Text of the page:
Sentence Examples with the word forgetfulness

He showed marked signs of senility by a tendency to fall asleep, forgetfulness of quite recent events, remembrance of remote ones, and the childish vanity with which he accepted the role of head of the Moscow opposition.

Even Hume, in various passages of his Treatise, speaks of himself as recovering cheerfulness and mental tone only by forgetfulness of his own arguments.

The chief objection to these processes is that they require, as a necessary condition, a singular amount of memory on the one hand and of forgetfulness on the other.

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The tragedians used her story to point the moral of the instability of human happiness; Niobe became the representative of human nature, liable to pride in prosperity and forgetfulness of the respect and submission due to the gods.

But the angel of forgetfulness has gathered up and carried away much of the misery and all the bitterness of those sad days.

This depicts the journey of the soul from heaven to earth, its life in the body, and its final return to the heavenly home, under the figure of a Parthian prince who is sent from the court of his parents to the land of Egypt to fetch the serpent-guarded pearl; after a time of sloth and forgetfulness he fulfils his quest, and returns triumphant and again puts on the heavenly robe.

The really difficult problem why the prosperity of the wicked and the calamity of the just were permitted under the divine government he met in various ways: sometimes he alleged the forgetfulness of higher powers; sometimes he fell back upon the necessity of these contrasts and grotesque passages in the comedy of human life.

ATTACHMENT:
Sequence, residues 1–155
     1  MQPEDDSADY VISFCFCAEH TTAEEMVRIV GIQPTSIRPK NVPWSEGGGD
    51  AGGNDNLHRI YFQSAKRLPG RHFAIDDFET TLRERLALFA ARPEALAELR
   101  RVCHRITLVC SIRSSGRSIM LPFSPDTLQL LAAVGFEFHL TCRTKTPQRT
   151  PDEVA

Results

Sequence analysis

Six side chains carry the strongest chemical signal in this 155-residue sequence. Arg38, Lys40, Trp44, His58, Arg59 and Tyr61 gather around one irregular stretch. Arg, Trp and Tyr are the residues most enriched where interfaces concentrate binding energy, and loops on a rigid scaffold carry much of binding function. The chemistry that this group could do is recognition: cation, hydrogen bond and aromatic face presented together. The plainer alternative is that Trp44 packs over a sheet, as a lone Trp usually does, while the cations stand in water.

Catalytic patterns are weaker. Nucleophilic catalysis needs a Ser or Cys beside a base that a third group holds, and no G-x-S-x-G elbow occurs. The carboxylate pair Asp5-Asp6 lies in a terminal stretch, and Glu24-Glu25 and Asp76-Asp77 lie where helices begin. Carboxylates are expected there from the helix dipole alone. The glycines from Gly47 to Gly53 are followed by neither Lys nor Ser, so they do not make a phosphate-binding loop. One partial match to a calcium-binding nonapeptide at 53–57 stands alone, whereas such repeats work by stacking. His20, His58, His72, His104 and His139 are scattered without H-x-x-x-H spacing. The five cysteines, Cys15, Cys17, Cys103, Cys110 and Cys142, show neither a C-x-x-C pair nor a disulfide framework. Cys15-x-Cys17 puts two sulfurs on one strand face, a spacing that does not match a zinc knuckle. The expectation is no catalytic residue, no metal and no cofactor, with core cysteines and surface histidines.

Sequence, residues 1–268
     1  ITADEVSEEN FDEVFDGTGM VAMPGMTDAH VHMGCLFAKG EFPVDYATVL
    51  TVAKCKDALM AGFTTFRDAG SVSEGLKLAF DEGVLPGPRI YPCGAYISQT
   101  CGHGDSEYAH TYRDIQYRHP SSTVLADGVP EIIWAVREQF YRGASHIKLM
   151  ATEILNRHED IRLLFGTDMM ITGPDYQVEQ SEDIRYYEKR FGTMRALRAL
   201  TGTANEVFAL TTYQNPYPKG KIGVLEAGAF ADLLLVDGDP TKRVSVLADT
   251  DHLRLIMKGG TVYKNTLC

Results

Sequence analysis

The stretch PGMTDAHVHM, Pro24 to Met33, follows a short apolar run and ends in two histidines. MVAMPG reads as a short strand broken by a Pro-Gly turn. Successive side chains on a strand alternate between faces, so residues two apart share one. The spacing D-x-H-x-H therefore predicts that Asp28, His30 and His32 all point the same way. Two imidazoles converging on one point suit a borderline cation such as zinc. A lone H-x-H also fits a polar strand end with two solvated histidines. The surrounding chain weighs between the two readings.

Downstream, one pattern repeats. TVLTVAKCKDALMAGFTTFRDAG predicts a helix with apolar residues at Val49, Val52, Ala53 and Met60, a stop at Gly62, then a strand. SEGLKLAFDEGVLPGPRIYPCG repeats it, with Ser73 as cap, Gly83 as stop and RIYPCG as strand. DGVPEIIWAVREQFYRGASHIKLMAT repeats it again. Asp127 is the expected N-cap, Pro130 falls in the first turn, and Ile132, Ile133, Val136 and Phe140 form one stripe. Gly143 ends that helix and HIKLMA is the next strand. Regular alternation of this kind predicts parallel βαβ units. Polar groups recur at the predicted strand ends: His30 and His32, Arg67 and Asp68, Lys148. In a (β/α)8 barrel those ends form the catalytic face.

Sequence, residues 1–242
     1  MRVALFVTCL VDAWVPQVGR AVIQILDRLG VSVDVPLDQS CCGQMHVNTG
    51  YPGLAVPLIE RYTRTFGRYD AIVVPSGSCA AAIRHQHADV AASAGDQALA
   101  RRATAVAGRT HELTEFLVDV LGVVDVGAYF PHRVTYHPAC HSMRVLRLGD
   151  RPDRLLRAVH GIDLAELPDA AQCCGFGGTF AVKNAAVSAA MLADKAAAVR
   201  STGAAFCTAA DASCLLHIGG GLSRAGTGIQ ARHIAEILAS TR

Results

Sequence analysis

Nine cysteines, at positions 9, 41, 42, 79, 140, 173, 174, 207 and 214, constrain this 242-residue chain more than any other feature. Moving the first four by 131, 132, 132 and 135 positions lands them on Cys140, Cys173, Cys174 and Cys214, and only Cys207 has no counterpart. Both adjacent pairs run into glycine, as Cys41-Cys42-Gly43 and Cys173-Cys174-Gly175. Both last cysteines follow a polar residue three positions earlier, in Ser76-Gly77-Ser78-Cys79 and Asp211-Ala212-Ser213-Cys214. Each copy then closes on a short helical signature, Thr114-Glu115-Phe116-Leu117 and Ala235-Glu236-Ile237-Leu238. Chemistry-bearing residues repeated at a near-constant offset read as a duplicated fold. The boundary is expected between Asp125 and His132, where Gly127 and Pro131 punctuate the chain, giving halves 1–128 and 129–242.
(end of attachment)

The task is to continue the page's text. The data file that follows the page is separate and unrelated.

William of Tyre speaks of him as a fine soldier, an able politician, and a good son of the church, and only blames him for partiality to his friends, and a forgetfulness of names and faces, which placed him at a disadvantage and made him too dependent on his immediate intimates.

Ere forgetfulness altogether came over me, I had noticed that the seamen at the main and mizzen-mast-heads were already drowsy.

On the whole, then (though degeneracy, as well as progress, is a force in human evolution), we are not tempted to believe in so strange a combination of forgetfulness with long memory, nor so excessive a degeneration from common sense into a belief in the personality of phenomena, as are required no less by Spencer's system than by that of Max Muller.